Originally signed as a free agent by the Dodgers in 1961, Billingham was groomed as a relief pitcher in the Los Angeles farm system, reaching the major leagues in 1968. Despite a good season (50 games, 3–0 record, eight saves, 2.14 ERA), the Dodgers left Billingham unprotected in the expansion draft and he was selected by the Montreal Expos, though he would never pitch for them. In January 1969, the Expos traded Donn Clendenon to the Houston Astros for Rusty Staub. Clendenon refused to report, and Billingham was later sent to Houston to complete the trade. In 1969, Billingham was again used as a reliever (52 games, 6–7 record, 4.25 ERA). In 1970 he was moved into the starting rotation (46 games, 24 starts), before becoming exclusively a starting pitcher in 1971.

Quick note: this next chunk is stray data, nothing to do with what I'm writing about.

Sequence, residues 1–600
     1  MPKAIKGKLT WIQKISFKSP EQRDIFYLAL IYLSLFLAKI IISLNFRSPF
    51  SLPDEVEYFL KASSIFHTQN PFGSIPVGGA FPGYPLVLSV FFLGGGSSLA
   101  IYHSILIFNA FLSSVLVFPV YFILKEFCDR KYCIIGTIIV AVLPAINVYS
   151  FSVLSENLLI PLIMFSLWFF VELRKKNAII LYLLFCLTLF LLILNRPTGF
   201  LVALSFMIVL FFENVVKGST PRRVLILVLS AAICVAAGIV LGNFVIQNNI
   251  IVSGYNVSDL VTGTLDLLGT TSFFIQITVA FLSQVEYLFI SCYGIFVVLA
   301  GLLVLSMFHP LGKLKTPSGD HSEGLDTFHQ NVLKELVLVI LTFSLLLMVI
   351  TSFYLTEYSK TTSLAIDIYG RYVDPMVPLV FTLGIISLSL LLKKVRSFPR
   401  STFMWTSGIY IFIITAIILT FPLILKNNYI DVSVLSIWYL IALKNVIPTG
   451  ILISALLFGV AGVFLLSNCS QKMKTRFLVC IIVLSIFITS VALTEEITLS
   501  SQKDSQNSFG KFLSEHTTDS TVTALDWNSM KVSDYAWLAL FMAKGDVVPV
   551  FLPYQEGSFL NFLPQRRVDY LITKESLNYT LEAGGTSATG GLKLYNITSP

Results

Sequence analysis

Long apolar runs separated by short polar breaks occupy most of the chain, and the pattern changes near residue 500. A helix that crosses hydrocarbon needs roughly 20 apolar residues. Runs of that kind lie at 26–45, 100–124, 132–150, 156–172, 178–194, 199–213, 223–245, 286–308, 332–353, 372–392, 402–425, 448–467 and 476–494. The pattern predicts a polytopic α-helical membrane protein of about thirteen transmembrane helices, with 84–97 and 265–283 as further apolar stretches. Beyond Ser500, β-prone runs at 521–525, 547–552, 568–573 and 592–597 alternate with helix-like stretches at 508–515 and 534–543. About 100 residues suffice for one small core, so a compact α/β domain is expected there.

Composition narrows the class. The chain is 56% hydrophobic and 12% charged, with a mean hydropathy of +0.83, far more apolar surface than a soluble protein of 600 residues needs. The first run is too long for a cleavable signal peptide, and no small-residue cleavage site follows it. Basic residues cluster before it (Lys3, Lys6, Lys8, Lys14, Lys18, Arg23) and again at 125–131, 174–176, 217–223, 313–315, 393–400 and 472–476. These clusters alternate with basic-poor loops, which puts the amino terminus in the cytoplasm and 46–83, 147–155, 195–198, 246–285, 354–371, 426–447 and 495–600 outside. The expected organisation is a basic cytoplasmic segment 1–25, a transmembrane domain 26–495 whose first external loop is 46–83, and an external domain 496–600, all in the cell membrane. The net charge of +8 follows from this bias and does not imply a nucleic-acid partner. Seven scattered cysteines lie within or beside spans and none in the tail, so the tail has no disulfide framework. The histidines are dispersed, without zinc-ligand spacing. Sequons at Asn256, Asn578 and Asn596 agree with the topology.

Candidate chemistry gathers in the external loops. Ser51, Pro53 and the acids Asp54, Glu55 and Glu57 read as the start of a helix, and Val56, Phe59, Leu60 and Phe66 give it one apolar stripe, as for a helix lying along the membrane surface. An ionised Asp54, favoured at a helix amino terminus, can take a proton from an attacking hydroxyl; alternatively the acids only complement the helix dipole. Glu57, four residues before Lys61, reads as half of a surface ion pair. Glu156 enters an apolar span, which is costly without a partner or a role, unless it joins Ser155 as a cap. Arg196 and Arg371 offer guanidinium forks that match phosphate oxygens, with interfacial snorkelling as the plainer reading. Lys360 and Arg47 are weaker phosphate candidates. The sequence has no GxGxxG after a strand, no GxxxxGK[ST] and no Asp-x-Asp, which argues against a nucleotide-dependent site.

1973 was Billingham's best season, going 19-10 with a career-best 3.04 ERA. He led the National League with 40 starts and seven shutouts and earned a berth on the National League All-Star team. He followed that with a 19-11 season in 1974.
On April 4, 1974, Billingham gave up Hank Aaron's 714th career home run, which tied Aaron with Babe Ruth for No. 1 on the all-time home run list at the time.
For his career, Billingham went 145–113 with a 3.83 ERA and 1,141 strikeouts in 2,2302⁄3 innings.